A Ministry Momentum Killer

I have a crucial piece of advice for any ministry leader who is seeing God bless them with a current wave of momentum:

Make sure your private devotion keeps pace with your ministry momentum.

As your ministry gains speed, the demands on you are just going to become greater. You might think that once you gain the momentum you’ve been working towards, it will finally free up space in your life. But it won’t. In fact, your time will be even more constrained.

The temptation you’ll face will be to ride your own spiritual coattails.

The great prayer time you had. Last week.
The eye-opening moment you had in your private Bible study. Two months ago.
The game-changing time of fasting you engaged in. Last year.

But it doesn’t work like that. Your relationship with God is only as strong as your most recent encounter with Him.

You must never get to the point where you’re too busy ministering for God that you’re too busy to meet with God. Or you can consider yourself on the clock. For burnout. For a lack of fresh vision. For a moral failure.

And then because of those things, for losing your momentum.

No matter how great your ministry is going…
You’re never going to outgrow your need for prayer.
You’re never going to outgrow your need for study of God’s Word.
You are never going to outgrow your need for God.

He’s what gave you your momentum. He’s what’s going to maintain it. And He’s what’s going to sustain you through it as the demands on your life become greater.

Even Jesus felt the need to go off by himself and spend time in prayer as people began flocking to Him. Personally I’m not going to be the one who says I need less private time with God than Jesus.

Make the decision now. Wake up earlier. Stay up later. Clear out your schedule during the day. Whatever you do, do whatever you have to do to prioritize the presence of God in your life.

And then keep riding the momentum.

Read more from Steven here.

Download PDF

Tags: , ,

| What is MyVisionRoom? > | Back to Leadership >

ABOUT THE AUTHOR

Steven Furtick

Steven Furtick

Pastor Steven Furtick is the lead pastor of Elevation Church. He and his wife, Holly, founded Elevation in 2006 with seven other families. Pastor Steven holds a Master of Divinity degree from The Southern Baptist Theological Seminary. He is also the New York Times Best Selling author of Crash the Chatterbox, Greater, and Sun Stand Still. Pastor Steven and Holly live in the Charlotte area with their two sons, Elijah and Graham, and daughter, Abbey.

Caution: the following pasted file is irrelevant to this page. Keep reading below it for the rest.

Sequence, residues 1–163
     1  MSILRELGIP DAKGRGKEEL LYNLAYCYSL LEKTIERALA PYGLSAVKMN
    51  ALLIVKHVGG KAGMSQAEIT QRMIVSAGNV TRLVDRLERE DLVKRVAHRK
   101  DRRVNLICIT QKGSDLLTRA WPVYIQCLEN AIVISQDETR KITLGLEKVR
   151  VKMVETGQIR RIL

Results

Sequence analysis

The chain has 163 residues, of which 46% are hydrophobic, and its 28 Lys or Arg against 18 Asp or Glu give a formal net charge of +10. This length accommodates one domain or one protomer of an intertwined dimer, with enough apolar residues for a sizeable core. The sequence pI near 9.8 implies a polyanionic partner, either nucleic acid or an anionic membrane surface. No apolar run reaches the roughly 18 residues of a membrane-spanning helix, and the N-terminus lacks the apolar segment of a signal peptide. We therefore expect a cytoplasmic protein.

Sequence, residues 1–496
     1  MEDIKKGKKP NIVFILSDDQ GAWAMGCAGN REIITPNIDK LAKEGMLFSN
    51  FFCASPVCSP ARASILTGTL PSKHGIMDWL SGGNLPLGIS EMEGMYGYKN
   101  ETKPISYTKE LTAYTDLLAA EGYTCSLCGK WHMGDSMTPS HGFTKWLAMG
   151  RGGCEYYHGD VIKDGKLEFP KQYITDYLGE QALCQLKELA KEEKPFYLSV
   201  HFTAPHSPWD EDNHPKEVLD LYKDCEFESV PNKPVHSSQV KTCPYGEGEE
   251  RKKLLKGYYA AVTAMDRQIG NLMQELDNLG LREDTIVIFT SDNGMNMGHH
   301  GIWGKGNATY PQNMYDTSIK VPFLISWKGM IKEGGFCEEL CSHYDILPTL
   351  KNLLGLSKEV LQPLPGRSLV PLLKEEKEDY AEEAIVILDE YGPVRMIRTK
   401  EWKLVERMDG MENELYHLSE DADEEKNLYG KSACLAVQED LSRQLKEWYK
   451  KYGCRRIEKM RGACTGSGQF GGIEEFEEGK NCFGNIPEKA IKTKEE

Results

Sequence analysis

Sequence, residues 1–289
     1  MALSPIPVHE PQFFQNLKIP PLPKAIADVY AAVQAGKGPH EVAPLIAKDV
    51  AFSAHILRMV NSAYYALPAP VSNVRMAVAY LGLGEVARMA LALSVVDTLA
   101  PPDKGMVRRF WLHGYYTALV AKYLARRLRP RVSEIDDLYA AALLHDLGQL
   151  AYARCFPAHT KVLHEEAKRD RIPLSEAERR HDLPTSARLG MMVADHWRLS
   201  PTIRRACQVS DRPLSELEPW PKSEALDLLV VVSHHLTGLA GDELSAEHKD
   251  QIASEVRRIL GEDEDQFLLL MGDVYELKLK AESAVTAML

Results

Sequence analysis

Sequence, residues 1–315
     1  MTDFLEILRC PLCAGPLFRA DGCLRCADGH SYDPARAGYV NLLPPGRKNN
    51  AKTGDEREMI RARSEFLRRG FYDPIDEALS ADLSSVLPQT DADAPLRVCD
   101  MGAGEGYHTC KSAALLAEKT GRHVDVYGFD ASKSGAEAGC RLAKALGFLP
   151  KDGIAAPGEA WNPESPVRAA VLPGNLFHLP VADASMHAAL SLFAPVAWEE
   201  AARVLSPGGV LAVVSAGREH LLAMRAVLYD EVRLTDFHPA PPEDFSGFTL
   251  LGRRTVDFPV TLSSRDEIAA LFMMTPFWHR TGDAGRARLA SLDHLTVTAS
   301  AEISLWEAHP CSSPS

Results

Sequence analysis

See more articles by >

COMMENTS

What say you? Leave a comment!

Recent Comments
comment_post_ID); ?> I like it Mac and do agree with your opinions on the matter. Thanks much
 
— winston
 
comment_post_ID); ?> In this era, we have the opportunity of professional church staff today who utilize their gifting to shape the image and atmosphere of the church organization. But the 100% real impact on the church visitors is genuine evidence of changed lives by the gospel and the active growing discipleship (just as it was in the first century church). One demonstration is financially rich believers ministering equally together with poor believers (how odd, and incredibly miraculous; all humble and bow at the foot of the cross.). It is the awesome contrast of church members vocations, race, gender, age, maturity, gifting, humility that demonstrates to visitors "there is a Spirit in the place". That first-time guest list of 10 are "physical excuses", not spiritual excuses. Those don't tell the story. The condition of facilities and publicly greeting people have zero to do with it. The power of God in and through believers lives dedicated to impact other people with their relationship bridge-building of acceptance of the lost around them. Empowered believers are infectious, loving, helpful, giving, self-less, dynamic, compelling, bold, Christ-filled. As I have been in many church settings domestically and internationally, the facilities can be poor, and yet the fellowship can still be rich. We need to operate with first church humility. People come to Christ on His terms, not on our human abilities of hospitality. A huge catastrophe in a community, disaster relief brings lots of people into churches – many come to the church in those terrible conditions no matter the physical condition of the local church. Off the condition of facility, and onto the condition of God's people (living stones).... and everything else will grow.... and the other physical issues will be corrected by the staff.
 
— Russ Wright
 
comment_post_ID); ?> "While I understand the intent behind this phrase" Expound please. What do you understand to be the intent behind that phrase?
 
— Ken
 

Clarity Process

Three effective ways to start moving toward clarity right now.